I have a theory about what happens to couples who go through years of infertility. It’s not grounded in any scientific evidence. It’s all experiential, based solely on what has happened in my marriage, and what I’ve seen with other fertility-challenged couples whom we know.
Two things can happen to a couple — you grow closer, or you grow apart. You will not stay in the same place. The status quo of married-life does not subsist like it once did, pre-infertility.
So there you have it: you come together or you come apart. It’s a tragic situation for a lot of couples who find themselves on the apart-trajectory.
Going through years of infertility is the ultimate marital stress-test. It’s always there, hanging in the room that you share with your partner: that one thing, that isn’t there. Your together–baby. Your baby is missing, but you both want that baby. You are both saddened by the absence of the baby. You grieve and you struggle, and you grieve and struggle differently. Maybe one of you is more crushed. Maybe one of you is more ready to throw in the towel. Maybe one of you is making herself crazy, mining blogs, journals and millions of pages of data on the World Wide Web, digging for clues. Maybe one of you is shirking other duties, on account of the obsession with that person who isn’t there.
There is a place in my heart that I reserve for all the couples going through infertility who are not on the same page. A woman in my American support group recounted that she has endured Clomid and 3 IUIs alone (her husband begrudgingly offered some sperm samples). But he is against the idea of working “this hard” to have a child. “Why don’t we just get a dog?” he asked his shell-shocked wife.
I can’t even imagine. I cannot imagine walking this deserted road alone, with no one holding my hand. Or carrying me, the way my husband has. I would not have lasted a month going through this agony were it not for my hübster, my musmus (my “treasure-mouse”). There hasn’t been one turning point on our journey where we were not aligned about what to do next. We somehow always manage to sync up. To hold each other, process, grieve and research; and then synchronize our action plan. We handle the grief differently – sometimes at the same time (and that’s not very fun, when it’s 2 falling apart, not 1), but usually, we take turns. I get to fall apart when a round of IVF is cancelled right before transfer. I get to fall apart when the doctor with whom I’m assigned to rehash the implosion of a cycle doesn’t speak any English. I get to fall apart on the hospital bed when the doctor gives us bad news and I don’t know how to save face in the traditional Danish-stoic way.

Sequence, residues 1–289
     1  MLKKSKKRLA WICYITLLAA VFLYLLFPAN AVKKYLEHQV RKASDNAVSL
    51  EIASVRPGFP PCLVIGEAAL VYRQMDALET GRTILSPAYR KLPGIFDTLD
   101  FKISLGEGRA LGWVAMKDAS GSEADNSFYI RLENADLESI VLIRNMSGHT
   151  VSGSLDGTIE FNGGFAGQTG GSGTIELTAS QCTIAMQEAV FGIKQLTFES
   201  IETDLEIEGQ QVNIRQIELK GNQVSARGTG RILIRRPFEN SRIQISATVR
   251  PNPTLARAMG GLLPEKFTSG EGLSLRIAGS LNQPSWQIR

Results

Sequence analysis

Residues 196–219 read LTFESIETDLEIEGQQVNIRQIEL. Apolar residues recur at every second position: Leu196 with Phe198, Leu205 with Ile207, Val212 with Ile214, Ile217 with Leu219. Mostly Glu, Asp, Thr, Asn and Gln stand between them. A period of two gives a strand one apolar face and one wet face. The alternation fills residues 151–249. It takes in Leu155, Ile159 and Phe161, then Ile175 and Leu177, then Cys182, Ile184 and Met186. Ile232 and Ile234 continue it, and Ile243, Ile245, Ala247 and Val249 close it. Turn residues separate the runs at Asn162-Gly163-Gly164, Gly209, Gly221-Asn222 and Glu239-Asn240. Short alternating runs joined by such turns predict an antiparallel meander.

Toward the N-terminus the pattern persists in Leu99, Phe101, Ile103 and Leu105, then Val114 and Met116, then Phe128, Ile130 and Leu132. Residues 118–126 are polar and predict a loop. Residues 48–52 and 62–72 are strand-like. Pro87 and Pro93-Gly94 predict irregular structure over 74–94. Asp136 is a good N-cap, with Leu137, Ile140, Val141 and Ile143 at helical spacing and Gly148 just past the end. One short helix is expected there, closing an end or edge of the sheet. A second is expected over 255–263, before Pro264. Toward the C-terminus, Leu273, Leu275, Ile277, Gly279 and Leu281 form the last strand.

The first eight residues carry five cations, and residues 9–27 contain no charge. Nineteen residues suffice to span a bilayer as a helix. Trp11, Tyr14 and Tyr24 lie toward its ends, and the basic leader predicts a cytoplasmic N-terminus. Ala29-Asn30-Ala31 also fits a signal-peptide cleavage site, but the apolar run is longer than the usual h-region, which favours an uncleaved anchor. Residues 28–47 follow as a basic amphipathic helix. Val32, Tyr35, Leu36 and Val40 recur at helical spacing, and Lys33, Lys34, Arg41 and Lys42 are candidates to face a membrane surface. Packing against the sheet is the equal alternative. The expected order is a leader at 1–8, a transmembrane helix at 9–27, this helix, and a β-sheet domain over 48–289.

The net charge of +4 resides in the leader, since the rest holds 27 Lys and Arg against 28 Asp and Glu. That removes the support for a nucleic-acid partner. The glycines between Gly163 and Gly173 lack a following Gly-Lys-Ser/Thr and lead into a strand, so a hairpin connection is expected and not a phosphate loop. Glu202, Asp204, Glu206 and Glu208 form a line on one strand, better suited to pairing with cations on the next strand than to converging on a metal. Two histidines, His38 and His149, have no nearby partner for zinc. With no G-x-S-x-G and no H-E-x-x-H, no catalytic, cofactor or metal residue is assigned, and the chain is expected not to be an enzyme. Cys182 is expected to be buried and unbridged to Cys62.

My stone-faced husband gets to shudder after he injects me. He gets to grieve and scream in the shower after we lose a baby in the first trimester. And he gets to “stand on one leg” (our marital term for the über-dramatic flip-out) when coming to grips with the fact that he will soon be without a job. As if our bad luck couldn’t get bad-er. So we take turns being dramatic. Who has to be strong – and who gets to fall apart today. And I count my lucky stars that I am with a man sensitive enough to feel the depths of this ravaging sadness; whose bouts of frailty give way to my own spurts of other-worldly strength that I didn’t know I had in me.
Going through infertility with this man, I found out that I married an angel. A strong, steady, 2-meter-tall-Viking angel who will go the distance for me. And with me.
I found my happiness and my safe harbor when I found Martin. I would have discovered the gravity of that good fortune in time, without this fertility madness, but I’m grateful for the jolt of reality the last few years have delivered.
Before I got married, I often considered the old adage: “You need to find happiness on your own before you can find happiness with any other person.” As a single woman pre-Martin, I needed to love myself and be happy, all by my lonesome. And I maybe did that, but I’m not really sure. Because my happiness entered another level when I got to have him, after several years of friendship.
Infertility has shown us that we can survive anything, as long as we are surviving, together. On my darkest days and my gloomiest nights, Martin still strikes me as a miracle that I wake up to, every morning.
I do not have a baby, but I have him and that means: a minimum, guaranteed state of being okay and happy. Even when this infertility stuff is literally killing me softly, I know I will maintain some modicum of happiness.
Because I have Martin, and for that, I am extremely lucky.